I found myself chanting something in my mind in the wee hours of the morning as I swayed with a crying Wren. "I am Mother, I do not sleep, I am Mother, I do not sleep." When I became aware of my mantra, the hilarity almost woke me up cold. Almost. I wasn't even sure that I was awake or how I came to be in her room at 2:30am in the first place. I couldn't remember walking the hall or picking her up. Somehow those words made me feel better about missing those precious unconscious zzz's.
The craziest things enter my mind during those semi-awake moments with Wren. Like, last night when she woke up just 2 hours after the last wake up session, I felt like crying in my exhaustion. I remember walking down the hall and thinking, "Christin, just cry in your mind, it takes too much energy to cry real tears." Usually I will sit down and feed her and I have to remind myself that she will fall right out of my arms if I fall asleep in the chair.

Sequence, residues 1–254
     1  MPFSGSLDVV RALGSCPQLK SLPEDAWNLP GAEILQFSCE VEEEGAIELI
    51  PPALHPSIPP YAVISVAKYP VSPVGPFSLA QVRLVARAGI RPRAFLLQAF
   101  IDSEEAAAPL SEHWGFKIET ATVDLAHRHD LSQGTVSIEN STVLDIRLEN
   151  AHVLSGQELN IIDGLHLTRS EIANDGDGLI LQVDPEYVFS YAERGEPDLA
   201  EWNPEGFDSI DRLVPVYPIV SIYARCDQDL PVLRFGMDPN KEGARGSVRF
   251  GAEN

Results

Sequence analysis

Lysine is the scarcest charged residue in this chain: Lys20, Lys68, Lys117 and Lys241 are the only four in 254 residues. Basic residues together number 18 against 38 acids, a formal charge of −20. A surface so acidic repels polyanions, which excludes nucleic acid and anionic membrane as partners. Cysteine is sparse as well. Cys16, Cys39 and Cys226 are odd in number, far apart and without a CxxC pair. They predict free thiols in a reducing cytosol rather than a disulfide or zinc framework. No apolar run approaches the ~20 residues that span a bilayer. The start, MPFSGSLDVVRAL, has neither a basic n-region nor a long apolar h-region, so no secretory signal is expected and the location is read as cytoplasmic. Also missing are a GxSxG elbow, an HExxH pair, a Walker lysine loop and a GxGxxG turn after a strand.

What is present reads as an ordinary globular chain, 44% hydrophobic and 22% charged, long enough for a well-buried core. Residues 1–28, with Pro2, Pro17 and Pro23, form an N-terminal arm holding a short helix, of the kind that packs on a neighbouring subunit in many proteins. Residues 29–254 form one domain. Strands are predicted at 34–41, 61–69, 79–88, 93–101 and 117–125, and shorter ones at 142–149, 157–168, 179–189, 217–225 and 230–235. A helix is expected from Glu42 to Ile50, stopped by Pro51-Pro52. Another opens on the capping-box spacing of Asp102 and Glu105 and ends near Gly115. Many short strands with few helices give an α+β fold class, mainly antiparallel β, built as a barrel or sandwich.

Since my brain is operating at about two-thirds capacity under sleep deprivation, I've noticed that my internal dialogue has gotten a lot simpler from it's usual convoluted web. For instance, one word has been leaping from the fray at the most unusual times, not even giving me the courtesy of a complete sentence: season. My living room is a wading pool of cars, trucks and trains, I think to myself, "season." Wren wakes up like clockwork every two hours of the night, I yawn a weary, "season." Jude has a tearful and desperate meltdown over the emptyness of his milk cup, then over having to eat chicken, then over the taking away of the chicken, I shriek, "SEASON!"
There are also those other moments. Wren only wants to be held in the middle of the night, no other arms will do. I drag myself down the hall and hold her close with my lips to her soft head, "season." Jude still wants to "Mommy snuggle you" and I climb under the covers with him, even if I have a million things to do, and we go forehead to forehead, nose to nose, "sweet season."